“@GinaNRDC is a great choice for climate czar,” agreed Rolling Stone contributing editor Jeff Goodell. “She’s tough and funny and totally gets the urgency of the crisis.”
“The next Secretary of Energy has said, ‘we ought to be doing everything we possibly can to keep fossil fuel energy in the ground and developing the renewable side,’” tweeted Fossil Fuel Media Director and #CleanCreatives instigator Jamie Henn, after Biden appointed ex-Michigan governor Jennifer Granholm as his nominee. “This is a very good thing.”
“YESSSS! @JoeBiden please appoint @RepDebHaaland as Interior Secretary,” tweeted marine biologist Dr. Ayana Elizabeth Johnson, a couple of days before Biden did exactly that. “She’d be the first ever Native American cabinet member, bring integrity and leadership to the agency, protect our public lands, and address the climate crisis.”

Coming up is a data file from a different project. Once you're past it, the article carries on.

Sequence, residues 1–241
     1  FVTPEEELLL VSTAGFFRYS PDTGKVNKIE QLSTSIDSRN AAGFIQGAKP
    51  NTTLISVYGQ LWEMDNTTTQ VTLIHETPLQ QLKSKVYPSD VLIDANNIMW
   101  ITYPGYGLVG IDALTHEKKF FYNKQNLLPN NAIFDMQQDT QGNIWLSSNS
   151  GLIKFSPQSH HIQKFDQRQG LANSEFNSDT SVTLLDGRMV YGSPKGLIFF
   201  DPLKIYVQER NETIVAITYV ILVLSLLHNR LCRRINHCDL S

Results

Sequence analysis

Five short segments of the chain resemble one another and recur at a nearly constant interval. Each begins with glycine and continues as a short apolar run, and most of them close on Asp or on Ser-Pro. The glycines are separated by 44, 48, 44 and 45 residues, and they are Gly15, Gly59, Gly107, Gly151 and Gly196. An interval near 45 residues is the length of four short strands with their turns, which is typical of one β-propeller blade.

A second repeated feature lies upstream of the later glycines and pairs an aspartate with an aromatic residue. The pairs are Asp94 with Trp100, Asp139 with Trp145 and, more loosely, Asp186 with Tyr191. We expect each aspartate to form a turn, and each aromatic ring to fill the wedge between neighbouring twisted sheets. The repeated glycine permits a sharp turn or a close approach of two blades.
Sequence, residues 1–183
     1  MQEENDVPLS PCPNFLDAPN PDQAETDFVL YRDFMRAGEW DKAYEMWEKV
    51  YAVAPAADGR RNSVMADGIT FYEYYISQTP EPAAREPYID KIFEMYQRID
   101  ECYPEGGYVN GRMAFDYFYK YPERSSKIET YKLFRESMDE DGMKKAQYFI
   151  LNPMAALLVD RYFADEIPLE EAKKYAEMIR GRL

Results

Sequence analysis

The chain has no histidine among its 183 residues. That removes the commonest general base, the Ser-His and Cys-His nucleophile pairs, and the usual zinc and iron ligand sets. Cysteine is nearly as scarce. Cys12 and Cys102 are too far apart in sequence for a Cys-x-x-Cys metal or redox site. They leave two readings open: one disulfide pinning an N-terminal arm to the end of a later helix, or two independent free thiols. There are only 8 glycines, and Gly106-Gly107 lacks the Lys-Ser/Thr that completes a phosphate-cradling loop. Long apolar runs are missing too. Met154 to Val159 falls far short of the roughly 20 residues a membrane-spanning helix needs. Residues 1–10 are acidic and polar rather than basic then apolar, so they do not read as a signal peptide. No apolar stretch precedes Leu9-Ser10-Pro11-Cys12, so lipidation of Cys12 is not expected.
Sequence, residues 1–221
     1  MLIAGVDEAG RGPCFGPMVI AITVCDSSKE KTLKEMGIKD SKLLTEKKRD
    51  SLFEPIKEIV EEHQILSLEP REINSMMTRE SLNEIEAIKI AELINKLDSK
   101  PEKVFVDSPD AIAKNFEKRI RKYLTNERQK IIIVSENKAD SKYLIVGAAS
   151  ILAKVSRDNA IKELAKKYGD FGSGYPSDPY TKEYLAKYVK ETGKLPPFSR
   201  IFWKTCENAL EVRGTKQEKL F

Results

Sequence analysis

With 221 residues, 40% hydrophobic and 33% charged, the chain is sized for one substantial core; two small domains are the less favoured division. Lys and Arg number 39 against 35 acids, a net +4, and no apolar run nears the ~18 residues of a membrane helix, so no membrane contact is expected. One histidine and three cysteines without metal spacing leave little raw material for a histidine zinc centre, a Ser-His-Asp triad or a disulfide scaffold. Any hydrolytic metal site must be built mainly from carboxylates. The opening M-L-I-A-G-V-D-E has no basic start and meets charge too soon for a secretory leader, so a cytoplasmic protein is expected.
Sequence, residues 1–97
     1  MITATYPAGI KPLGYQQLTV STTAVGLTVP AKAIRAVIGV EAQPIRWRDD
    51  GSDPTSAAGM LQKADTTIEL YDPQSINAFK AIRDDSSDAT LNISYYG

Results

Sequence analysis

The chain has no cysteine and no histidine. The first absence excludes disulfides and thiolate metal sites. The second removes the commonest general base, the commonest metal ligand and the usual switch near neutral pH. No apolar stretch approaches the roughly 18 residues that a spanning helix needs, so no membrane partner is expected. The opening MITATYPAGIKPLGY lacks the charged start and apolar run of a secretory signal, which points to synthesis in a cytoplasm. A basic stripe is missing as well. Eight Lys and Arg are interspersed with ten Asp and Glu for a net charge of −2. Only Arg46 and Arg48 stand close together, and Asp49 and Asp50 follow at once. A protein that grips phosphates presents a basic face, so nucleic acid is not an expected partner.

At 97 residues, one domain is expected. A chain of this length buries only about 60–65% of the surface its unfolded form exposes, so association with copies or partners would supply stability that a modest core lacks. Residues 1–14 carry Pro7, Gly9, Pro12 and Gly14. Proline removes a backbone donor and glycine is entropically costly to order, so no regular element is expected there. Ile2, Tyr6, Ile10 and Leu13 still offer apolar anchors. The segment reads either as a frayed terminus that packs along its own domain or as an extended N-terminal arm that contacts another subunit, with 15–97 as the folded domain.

“A voice like mine has never been a Cabinet secretary or at the head of the Department of Interior,” tweeted Haaland, a House of Representatives member from New Mexico, after her long-rumoured nomination was confirmed. “I’ll be fierce for all of us, our planet, and all of our protected land.”
Biden’s announcements yesterday also included Michael Regan, head of the North Carolina Council on Environmental Quality, as the first Black man to lead the U.S. Environmental Protection Agency, and veteran environmental lawyer Brenda Mallory as the first Black woman to chair the White House Council on Environmental Quality. His earlier nominee for transportation secretary, former South Bend, Indiana mayor Pete Buttigieg, would the first openly LGBTQ member of a U.S. federal cabinet.